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Predator’s release a nasty surprise for Tacoma

Post by Cheryl Tucker on July 8, 2010 at 7:42 pm with No Comments »
July 8, 2010 5:45 pm

This editorial will appear in Friday’s print edition.

Thanks, King County.

Prosecutors there have struck a deal with Andre Brigham Young, a violent sex offender who was convicted of raping six South Sound women over a 23-year period, to be released from the state’s Special Commitment Center on McNeil Island.

But he won’t be living in King County. He’s registered as a Level 3 sex offender (the class most likely to offend) at a Tacoma address: the 2100 block of South M Street.

Releasing Young to Pierce County isn’t the problem: This is considered his “county of origin” due to the fact that his first rape conviction, in 1963, was here. He also raped women in King and Thurston counties.

But King County prosecutors at least should have given their counterparts in Pierce County a heads-up that an untreated, particularly nasty serial rapist was headed their way. That didn’t happen.

Pierce County Prosecuting Attorney Mark Lindquist said he was “outraged and alarmed” to learn that Young was being released Wednesday to Tacoma with one day’s notice.

As part of the deal with King County, Young agrees not to commit new crimes against women, contact his victims, use drugs or alcohol, possess weapons or pornography, or visit adult-entertainment businesses.

But for all intents and purposes, it’s an unconditional release because there is no monitoring, no supervision or followup to determine if he’s complying with those “conditions.” If somehow he were found to be in violation, it wouldn’t necessarily mean he’d be returned to the SCC, only that he could face a trial to determine if that should happen.

Young was confined to the SCC for 20 years after he’d completed his prison time for the rapes. There he refused treatment – like more than half of the facility’s “residents.” He’s tried for years to get out of the SCC and was the subject of a U.S. Supreme Court case to determine whether civil commitment of violent sex offenders after serving their prison sentences was constitutional. The court ruled for the state of Washington, deciding that such confinement was comparable to involuntary commitment of the mentally ill.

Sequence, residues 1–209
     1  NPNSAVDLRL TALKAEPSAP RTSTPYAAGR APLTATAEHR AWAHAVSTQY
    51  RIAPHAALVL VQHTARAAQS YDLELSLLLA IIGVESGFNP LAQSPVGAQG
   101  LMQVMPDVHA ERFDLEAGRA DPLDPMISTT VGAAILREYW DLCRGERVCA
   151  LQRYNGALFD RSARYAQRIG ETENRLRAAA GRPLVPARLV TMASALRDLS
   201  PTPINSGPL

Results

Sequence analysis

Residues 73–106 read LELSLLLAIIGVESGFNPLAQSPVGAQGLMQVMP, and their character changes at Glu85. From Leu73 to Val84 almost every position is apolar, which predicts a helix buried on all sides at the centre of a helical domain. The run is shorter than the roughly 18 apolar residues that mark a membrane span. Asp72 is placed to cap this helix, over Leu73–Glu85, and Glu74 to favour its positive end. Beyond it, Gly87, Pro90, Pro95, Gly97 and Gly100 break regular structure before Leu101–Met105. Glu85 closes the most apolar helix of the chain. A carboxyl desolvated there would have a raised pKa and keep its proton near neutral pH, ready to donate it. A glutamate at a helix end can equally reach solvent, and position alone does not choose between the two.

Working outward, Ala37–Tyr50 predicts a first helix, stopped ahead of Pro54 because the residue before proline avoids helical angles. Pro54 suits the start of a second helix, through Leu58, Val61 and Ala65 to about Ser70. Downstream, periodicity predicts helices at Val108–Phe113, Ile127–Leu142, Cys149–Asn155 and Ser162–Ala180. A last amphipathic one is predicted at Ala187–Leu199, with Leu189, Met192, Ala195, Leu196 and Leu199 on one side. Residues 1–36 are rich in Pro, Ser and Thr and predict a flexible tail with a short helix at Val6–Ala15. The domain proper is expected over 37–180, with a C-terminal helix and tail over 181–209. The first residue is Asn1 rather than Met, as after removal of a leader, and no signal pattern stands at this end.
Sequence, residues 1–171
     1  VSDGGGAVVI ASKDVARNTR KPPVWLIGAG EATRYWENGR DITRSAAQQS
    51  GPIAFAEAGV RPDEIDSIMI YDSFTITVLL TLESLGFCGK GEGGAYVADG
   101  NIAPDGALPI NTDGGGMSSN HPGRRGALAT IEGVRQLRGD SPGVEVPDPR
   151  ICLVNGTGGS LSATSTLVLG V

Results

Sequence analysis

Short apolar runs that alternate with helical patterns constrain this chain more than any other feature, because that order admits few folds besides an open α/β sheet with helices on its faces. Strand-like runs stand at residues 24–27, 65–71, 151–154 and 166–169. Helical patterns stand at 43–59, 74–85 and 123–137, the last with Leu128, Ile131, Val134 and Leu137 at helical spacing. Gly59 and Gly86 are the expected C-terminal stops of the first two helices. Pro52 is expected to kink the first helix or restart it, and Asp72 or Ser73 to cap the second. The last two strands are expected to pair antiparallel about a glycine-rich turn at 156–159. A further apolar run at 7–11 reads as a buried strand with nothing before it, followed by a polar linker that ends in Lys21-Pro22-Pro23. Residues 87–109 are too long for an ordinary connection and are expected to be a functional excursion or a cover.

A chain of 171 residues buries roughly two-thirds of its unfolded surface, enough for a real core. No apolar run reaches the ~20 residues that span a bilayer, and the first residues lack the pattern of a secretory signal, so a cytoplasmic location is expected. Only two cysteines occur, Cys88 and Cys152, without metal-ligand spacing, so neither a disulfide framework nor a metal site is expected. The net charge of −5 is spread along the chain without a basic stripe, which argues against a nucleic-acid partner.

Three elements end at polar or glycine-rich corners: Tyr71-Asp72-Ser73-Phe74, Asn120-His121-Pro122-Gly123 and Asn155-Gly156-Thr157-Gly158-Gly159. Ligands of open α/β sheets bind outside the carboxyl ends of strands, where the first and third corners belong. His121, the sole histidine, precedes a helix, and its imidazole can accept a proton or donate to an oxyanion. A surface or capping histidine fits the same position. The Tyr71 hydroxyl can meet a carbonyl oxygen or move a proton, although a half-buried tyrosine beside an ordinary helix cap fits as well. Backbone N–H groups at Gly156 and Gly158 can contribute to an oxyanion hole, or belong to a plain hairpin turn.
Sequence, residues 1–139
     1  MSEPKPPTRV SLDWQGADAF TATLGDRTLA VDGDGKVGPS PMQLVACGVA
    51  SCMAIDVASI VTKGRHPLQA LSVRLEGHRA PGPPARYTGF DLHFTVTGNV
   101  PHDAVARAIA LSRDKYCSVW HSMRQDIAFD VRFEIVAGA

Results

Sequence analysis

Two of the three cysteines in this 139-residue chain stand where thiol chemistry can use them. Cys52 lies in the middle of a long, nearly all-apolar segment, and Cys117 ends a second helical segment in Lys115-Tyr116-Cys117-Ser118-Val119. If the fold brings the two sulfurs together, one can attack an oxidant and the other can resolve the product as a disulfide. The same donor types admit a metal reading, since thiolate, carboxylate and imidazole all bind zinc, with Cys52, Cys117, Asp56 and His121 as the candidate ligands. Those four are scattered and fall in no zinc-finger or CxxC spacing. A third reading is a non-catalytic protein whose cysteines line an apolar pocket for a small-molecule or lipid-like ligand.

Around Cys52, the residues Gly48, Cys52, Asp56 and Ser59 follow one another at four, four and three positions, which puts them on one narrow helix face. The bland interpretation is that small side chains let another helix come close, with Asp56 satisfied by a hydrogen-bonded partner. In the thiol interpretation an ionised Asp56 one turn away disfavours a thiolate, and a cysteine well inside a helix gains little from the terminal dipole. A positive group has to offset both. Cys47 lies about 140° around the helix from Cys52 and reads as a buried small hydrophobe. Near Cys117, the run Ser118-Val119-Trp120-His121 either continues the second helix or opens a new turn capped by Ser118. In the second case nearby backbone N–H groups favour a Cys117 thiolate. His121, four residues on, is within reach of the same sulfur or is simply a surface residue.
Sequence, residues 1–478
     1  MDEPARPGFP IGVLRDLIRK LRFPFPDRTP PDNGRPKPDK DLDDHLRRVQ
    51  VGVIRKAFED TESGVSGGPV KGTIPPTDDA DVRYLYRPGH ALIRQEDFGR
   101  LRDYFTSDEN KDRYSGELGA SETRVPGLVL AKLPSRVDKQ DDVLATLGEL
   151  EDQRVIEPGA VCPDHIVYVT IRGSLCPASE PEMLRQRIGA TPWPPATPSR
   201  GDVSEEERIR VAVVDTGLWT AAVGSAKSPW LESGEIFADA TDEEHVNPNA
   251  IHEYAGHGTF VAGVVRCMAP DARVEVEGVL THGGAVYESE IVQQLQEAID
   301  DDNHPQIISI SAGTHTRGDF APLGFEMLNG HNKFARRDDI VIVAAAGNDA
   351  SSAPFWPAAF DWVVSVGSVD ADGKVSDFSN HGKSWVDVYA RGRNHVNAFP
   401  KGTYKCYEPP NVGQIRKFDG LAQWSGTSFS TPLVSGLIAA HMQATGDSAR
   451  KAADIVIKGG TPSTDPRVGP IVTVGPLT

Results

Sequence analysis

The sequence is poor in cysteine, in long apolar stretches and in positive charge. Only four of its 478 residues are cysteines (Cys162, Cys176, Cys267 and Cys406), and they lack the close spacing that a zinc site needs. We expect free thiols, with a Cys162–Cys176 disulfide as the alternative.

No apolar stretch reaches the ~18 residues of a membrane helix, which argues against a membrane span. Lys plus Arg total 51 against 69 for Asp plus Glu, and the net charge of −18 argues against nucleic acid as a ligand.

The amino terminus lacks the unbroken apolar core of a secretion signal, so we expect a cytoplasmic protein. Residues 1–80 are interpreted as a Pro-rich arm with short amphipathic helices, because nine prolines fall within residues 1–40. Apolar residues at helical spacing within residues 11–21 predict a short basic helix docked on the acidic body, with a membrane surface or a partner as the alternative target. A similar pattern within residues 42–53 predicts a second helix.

Now, at 69, Young has been found by three psychological experts to no longer be likely to re-offend.

Lindquist begs to disagree.

“Sex offenders are more at risk of re-offending than other types of offenders,” he said Thursday. Although some people “grow out” of their tendency to offend, that’s “not true with sex offenders.”

Referring to violent sex offenders as “sociopathic,” Lindquist says, “You can’t convince me that he’s suddenly become a law-abiding citizen.” Young reportedly is physically fit and says he still jogs – a pastime linked to some of his crimes.

If it had been up to him, Lindquist says, he would not have negotiated with Young; he would have gone to trial and tried to make the case for keeping him at the SCC. He’s currently exploring whether Pierce County has any options other than complying with the deal King County made with Young.

In the meantime, this is one Level 3 sex offender who deserves extra scrutiny from the Tacoma Police Department.

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